DEUTERONOMISTIC POETRY

English: Moses Pleading with Israel, as in Deu...

English: Moses Pleading with Israel, as in Deuteronomy 6:1-15, Bible card published 1907 by the Providence Lithograph Company (Photo credit: Wikipedia)

Chances are, even if you are a Christian who has read the Bible, you haven’t read this beautiful text from Deuteronomy 4:32-40. This is one I memorize from time to time (meaning, all the poetry doesn’t always stick in my brain so I have to re-memorize it). One reason you may not have read it is because it comes right after Israel wipes out the population of conquered lands. We don’t always know what to do with those texts, but it’s important to me that we don’t gloss over those particular contexts when we quote “beautiful” poetry from the Bible. We have to take the difficult texts with the cross-stitchable ones.

Deuteronomy is the catechesis of Israel’s young who are being trained to possess a new land and be a people for God. Moses repeats their story going back to Abraham, particularly the Exodus, gives the 10 Commandments and many other stipulations of being God’s holy people.

The following comes from the New International Version, which titles this section, “The Lord is God.”

“Ask now about the former days, long before your time, from the day God created human beings on the earth; ask from one end of the heavens to the other. Has anything so great as this ever happened, or has anything like it ever been heard of? Has any other people heard the voice of God speaking out of fire, as you have, and lived? Has any god ever tried to take for himself one nation out of another nation, by testings, by signs and wonders, by war, by a mighty hand and an outstretched arm, or by great and awesome deeds, like all the things the Lord your God did for you in Egypt before your very eyes?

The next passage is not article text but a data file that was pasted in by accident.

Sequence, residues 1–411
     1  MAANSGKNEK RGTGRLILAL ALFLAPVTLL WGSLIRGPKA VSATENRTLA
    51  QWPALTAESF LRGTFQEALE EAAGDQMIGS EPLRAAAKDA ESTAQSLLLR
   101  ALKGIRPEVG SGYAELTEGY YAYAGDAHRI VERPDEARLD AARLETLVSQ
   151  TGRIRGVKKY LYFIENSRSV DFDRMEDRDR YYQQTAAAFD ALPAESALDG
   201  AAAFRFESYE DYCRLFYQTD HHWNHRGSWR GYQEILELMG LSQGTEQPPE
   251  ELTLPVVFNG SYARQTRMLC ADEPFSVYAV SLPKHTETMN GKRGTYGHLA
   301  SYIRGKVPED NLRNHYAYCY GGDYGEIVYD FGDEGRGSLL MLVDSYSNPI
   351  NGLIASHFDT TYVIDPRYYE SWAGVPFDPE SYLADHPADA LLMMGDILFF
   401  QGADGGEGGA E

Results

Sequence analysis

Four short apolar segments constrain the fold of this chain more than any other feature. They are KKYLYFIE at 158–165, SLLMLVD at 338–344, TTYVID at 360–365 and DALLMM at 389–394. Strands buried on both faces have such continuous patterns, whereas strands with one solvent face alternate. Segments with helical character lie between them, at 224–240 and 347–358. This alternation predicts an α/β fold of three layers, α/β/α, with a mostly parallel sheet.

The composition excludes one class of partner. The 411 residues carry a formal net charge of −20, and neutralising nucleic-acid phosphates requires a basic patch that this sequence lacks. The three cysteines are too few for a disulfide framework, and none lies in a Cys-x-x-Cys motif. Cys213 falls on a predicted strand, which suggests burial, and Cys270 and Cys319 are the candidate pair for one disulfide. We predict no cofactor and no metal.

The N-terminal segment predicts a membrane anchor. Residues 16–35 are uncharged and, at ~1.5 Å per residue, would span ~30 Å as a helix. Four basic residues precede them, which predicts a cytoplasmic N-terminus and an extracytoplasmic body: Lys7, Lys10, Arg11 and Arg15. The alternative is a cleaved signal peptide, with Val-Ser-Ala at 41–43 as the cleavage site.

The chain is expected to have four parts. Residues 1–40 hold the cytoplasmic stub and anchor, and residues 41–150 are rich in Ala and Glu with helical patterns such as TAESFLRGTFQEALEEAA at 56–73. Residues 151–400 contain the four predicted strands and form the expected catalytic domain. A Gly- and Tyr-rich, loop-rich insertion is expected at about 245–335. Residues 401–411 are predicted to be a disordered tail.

You were shown these things so that you might know that the Lord is God; besides him there is no other. From heaven he made you hear his voice to discipline you. On earth he showed you his great fire, and you heard his words from out of the fire. Because he loved your ancestors and chose their descendants after them, he brought you out of Egypt by his Presence and his great strength, to drive out before you nations greater and stronger than you and to bring you into their land to give it to you for your inheritance, as it is today.

Acknowledge and take to heart this day that the Lord is God in heaven above and on the earth below. There is no other. Keep his decrees and commands, which I am giving you today, so that it may go well with you and your children after you and that you may live long in the land the Lord your God gives you for all time.”

Then God said, “That’s enough. Do not speak to me anymore about this matter.”

I found this a profound, fascinating story about Moses pleading with God to allow him to cross over and see “the good land beyond the Jordan [River]–that fine hill country and Lebanon.”

This is from NIV (3:21-29):

At that time I pleaded with the Lord: “Sovereign Lord, you have begun to show to your servant your greatness and your strong hand. For what god is there in heaven or on earth who can do the deeds and mighty works you do? Let me go over and see the good land beyond the Jordan—that fine hill country and Lebanon.”

English: Moses Sees the Promised Land from Afa...

English: Moses Sees the Promised Land from Afar, as in Numbers 27:12, by James Tissot (Photo credit: Wikipedia)